You Are Not Obligated to Meet Any Estimate You Don't Make Yourself
Estimates are a way to plan. They are an outer bound, saying, “With 90% accuracy, I can finish this task in X hours or less” (feel free to substitute your desired percentage in the accuracy slot). Done correctly, they are useful.
Jeff's comic shows how things go wrong:
The manager messed up here. She used estimates to make the programmer work harder, she used blame, she doesn't trust the programmer; all of which guarantees a lousy work relationship. Which comes to the point of this essay: you are not responsible for any estimate you don't make yourself. When a manager takes your estimate and says, “cut that in half;” smile and say, “ok manager, it's your estimate now.”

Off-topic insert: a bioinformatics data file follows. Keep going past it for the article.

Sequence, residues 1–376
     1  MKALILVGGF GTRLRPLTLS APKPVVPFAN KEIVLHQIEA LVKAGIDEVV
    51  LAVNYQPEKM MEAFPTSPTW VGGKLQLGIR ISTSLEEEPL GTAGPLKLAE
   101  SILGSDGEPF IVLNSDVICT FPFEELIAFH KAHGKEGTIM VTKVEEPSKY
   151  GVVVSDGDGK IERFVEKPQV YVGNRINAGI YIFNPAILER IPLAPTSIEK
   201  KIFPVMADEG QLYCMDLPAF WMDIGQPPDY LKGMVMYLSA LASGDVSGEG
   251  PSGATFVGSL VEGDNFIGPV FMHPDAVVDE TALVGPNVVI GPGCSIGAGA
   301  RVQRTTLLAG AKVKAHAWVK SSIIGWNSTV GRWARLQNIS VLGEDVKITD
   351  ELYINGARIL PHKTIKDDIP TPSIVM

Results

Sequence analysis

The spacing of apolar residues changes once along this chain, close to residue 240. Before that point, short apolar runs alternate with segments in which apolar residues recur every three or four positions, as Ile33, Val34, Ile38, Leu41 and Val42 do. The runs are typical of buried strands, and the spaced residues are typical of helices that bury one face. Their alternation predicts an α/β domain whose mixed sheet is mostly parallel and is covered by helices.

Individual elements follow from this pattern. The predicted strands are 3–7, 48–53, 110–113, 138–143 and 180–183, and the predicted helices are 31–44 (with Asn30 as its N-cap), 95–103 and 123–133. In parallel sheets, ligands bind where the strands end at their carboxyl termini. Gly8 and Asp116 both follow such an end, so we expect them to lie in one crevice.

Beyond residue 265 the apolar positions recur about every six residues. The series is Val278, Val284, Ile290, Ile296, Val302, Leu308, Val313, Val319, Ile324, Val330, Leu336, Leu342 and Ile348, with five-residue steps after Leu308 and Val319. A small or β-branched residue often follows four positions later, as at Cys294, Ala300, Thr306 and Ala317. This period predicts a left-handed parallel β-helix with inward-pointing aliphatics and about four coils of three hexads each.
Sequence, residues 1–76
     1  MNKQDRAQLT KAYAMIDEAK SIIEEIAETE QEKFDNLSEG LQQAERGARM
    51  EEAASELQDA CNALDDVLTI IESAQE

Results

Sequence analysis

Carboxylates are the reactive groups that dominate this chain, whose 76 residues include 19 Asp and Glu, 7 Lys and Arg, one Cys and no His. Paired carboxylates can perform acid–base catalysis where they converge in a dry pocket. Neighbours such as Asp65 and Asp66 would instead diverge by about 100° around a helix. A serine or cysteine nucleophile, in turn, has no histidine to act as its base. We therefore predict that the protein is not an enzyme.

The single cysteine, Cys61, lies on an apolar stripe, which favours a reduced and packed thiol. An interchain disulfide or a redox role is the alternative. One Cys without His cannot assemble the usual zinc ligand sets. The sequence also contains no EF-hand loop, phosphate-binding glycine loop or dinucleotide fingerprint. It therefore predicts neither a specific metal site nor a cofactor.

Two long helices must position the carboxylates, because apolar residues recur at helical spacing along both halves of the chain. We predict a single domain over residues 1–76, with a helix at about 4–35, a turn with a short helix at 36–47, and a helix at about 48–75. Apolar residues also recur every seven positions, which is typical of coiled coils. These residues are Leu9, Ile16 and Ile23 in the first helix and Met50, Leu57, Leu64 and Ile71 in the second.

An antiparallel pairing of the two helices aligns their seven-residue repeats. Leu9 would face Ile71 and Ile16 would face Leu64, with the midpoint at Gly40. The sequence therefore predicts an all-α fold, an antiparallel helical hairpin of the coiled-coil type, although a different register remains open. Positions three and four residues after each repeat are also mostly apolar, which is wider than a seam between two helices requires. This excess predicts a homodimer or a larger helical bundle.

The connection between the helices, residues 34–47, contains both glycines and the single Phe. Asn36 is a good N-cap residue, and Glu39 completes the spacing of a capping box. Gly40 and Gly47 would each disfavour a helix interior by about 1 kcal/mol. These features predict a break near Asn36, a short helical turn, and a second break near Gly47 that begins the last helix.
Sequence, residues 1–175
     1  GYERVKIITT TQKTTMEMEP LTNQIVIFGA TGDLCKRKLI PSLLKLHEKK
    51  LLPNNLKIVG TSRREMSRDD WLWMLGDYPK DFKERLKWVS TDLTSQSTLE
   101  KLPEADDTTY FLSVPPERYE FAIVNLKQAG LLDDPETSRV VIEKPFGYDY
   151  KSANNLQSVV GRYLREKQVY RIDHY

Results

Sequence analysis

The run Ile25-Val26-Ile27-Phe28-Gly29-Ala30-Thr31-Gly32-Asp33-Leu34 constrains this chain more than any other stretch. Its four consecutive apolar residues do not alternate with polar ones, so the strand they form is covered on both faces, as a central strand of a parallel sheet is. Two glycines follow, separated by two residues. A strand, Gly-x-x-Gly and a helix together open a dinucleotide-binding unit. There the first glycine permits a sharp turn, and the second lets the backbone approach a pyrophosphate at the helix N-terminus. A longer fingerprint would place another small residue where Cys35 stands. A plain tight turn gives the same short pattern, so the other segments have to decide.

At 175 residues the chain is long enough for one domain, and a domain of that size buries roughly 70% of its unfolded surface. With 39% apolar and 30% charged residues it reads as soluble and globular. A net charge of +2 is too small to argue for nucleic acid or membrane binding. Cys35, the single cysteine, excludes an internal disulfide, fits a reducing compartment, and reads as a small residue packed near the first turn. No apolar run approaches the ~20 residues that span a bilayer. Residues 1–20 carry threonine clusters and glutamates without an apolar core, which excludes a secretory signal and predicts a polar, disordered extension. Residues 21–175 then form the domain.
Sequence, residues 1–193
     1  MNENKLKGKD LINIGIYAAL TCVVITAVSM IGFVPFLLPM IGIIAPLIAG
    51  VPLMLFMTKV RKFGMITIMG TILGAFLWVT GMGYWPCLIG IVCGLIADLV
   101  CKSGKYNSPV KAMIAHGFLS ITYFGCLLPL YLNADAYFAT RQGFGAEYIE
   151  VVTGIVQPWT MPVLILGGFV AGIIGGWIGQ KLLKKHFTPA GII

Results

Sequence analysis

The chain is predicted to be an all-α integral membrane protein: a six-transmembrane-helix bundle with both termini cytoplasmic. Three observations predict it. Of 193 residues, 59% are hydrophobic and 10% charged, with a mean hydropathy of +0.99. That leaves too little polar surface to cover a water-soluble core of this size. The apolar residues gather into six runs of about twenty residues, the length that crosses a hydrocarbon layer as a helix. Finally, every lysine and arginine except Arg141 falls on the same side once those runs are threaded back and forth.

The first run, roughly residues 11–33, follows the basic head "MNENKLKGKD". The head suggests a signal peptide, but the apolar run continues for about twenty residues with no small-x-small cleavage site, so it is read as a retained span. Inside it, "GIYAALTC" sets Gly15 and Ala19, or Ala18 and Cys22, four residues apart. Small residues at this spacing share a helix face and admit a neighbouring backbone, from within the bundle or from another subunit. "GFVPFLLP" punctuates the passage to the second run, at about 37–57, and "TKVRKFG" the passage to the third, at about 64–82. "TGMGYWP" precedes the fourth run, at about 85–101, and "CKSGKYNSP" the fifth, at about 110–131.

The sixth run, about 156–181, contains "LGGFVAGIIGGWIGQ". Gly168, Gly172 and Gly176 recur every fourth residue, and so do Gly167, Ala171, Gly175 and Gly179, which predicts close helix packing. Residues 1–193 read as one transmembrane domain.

If you don't want to talk like that to your manager, write down the original estimate because your estimate is the one that matters. There is no way you can meet the manager's deadline. So be prepared, sooner or later an uncomfortable conversation is coming. You can't always fix a lousy manager, but you can be prepared.
This is the power you have. With great power comes great responsibility, so if you make the estimate, try hard to reach it. Pad the estimate with extra time if you need to, but don't lie about how long it will take, and then spend the rest of the time surfing the net (like the guy in that comic might have been trying to do). Your manager will hate you.
Making accurate estimates is part of being professional as a developer. Over time you will get really good at it. Either way, when a manager pressures you to change your estimate, you have no obligation to actually meet their estimate. It's their estimate not yours.